Kids ask, 'Can we bale hay for extra credit?'
At the Farm School in Athol, Mass., students from the city get their
Twenty-four sixth-graders and their two teachers are seated on a circle of benches in a small, rustic horse barn on a sunny Friday morning in April.Skip to next paragraph
Subscribe Today to the Monitor
This sharing circle for verbal snapshots is the culmination of three days at the Farm School. Some of the kids still have hay in their hair from a morning rumpus in the hayloft. Tired but happy, they laugh at one another's recollections.
Everyone is eager to speak: about the square dance last night, brushing Mac, the Belgian draft horse, milking the goats, making bread in the outdoor stone oven, building field stone walls, fetching eggs from under the hens, boiling maple sap into sugar.
And cow poop. Manure. They all talk about manure, which they have grown to love, or at least appreciate. After taking photos with the Farm School staff, the group piles into cars for the two-hour drive back to their homes in Boston.
For 1,200 schoolchildren a year, the Farm School plays the role of the family farm and adjunct classroom. Between the end of mud time in early March and the onset of frozen fields in December, Ben Holmes and his staff of farmer-teachers use this 130-acre hilltop farm in Athol, Mass., as a laboratory for a hands-on curriculum that connects children to farm life, the concept of land stewardship, and themselves.
The chemistry is simple: Kids work the farm and experience the immediate gratification of getting their hands in the dirt.
"In most families, kids are only a couple of generations away from farming - but that gap is widening and needs to be filled," says Mr. Holmes. "We need to remember where we came from."
Just three generations ago, 40 percent of the US labor force was involved in agriculture. Now it is just 3 percent. Though our food is raised on factory farms, by and large, our societal romance with the small family farm persists. The agrarian society is on the wane, but not agrarian ideals.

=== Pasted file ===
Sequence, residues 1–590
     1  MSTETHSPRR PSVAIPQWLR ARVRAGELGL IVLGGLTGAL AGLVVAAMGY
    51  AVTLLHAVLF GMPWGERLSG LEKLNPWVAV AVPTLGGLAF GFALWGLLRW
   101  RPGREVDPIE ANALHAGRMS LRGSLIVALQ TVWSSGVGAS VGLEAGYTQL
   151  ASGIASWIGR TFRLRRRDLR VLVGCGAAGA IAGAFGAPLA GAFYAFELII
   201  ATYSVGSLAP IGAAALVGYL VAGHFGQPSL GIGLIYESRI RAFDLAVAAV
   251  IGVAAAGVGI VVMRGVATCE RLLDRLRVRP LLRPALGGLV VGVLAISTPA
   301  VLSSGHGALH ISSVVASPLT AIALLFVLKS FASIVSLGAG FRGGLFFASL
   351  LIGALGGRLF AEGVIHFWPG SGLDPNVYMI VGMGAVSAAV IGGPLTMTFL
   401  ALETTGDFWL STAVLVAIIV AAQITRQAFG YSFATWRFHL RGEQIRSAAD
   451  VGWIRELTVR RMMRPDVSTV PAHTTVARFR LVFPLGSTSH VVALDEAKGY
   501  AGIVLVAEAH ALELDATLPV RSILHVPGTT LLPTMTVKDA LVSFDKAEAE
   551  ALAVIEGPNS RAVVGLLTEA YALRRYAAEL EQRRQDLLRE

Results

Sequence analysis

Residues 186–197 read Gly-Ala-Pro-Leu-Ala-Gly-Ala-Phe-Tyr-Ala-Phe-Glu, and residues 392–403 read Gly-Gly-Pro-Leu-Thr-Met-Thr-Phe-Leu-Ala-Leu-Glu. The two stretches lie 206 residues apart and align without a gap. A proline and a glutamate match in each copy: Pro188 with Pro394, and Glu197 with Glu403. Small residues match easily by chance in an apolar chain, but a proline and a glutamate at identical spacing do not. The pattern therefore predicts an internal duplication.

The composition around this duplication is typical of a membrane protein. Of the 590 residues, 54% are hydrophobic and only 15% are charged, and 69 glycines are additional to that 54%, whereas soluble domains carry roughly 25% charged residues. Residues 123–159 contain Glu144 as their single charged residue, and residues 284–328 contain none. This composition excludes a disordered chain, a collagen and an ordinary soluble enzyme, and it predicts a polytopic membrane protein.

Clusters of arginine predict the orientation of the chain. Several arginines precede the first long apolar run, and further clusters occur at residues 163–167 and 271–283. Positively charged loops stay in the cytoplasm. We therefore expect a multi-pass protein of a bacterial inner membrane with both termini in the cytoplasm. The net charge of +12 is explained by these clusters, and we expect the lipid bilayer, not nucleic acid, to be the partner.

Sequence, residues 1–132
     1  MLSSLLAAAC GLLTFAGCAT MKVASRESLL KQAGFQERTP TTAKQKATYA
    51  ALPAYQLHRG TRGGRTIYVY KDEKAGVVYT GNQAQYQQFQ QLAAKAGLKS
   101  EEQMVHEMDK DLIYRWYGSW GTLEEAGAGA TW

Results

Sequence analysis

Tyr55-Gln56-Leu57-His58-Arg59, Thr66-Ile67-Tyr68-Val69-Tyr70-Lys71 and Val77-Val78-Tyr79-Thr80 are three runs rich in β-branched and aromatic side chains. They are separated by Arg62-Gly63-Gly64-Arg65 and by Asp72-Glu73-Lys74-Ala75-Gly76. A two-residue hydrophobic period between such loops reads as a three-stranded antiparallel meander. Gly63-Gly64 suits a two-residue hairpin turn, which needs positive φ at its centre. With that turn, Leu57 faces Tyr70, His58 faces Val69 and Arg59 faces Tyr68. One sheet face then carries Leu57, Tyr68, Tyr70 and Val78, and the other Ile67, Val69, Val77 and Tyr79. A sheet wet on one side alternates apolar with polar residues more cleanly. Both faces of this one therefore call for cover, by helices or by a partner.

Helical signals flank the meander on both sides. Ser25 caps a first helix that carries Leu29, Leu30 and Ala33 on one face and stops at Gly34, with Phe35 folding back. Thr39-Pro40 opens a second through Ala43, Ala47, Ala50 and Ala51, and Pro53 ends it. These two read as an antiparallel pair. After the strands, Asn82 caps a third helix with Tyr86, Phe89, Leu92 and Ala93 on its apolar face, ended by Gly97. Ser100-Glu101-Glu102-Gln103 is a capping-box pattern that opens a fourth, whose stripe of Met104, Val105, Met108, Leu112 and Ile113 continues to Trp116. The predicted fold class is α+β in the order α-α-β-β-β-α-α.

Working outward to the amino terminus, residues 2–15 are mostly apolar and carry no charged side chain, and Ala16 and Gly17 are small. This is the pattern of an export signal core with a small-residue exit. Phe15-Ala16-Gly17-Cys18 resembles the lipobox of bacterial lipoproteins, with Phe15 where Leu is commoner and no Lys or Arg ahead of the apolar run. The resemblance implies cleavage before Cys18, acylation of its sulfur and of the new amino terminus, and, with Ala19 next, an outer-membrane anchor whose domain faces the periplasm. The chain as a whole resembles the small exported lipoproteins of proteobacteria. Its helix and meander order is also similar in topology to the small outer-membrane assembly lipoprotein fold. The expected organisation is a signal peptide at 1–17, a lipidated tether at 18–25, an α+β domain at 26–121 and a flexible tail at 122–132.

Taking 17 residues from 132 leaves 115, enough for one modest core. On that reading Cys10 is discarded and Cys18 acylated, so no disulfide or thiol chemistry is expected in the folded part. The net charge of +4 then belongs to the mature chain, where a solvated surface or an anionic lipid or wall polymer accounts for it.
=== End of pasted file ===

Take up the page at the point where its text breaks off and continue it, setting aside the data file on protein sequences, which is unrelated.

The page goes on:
Holmes himself is one generation away from the family farm. His uncle, Perry Nye, still runs a dairy operation in Ohio with a herd of 200 cows. Holmes spent formative summers with his uncle, milking cows and driving tractors.
Then as a teenager, his neighbor Bob Weir landed him on John Perry Barlow's Wyoming cattle ranch. Mr. Barlow, the Grateful Dead lyricist, Internet visionary, and self-styled "cognitive dissonant" notes: "When I met Ben, he was a green kid from the suburbs who, despite his enthusiasm and great heart, had rarely touched the real ... or been touched by it. His experience on my ranch and Perry's farm changed him into someone who deeply understands the relationship between information and experience, and especially how a farm inhabits the holy space they share."
In 1989, after a couple of years of middle-school teaching in Cambridge, Mass., Holmes gathered a group of supporters to help him enact his vision for teaching through farming. The group comprised several educator colleagues, two farmers, a student, a few relatives, Uncle Perry, Barlow, and Bob Weir. They incorporated as a nonprofit and began the search for funding among individuals and foundations.
A two-year search for suitable land in Massachusetts brought Holmes to Sentinel Elm Farm, a small dairy farm on a beautiful high ridge in Athol. The Farm School Corp. took a long-term lease and started offering New England schools, public and private, three-day programs for their middle-schoolers.
Schools responded slowly but steadily; funding came from individuals and small foundations; the local community, in the depressed mill town, responded with curiosity. Uncle Perry donated several dairy cows to start the herd. Early school groups slept in the hayloft and helped paint the barn.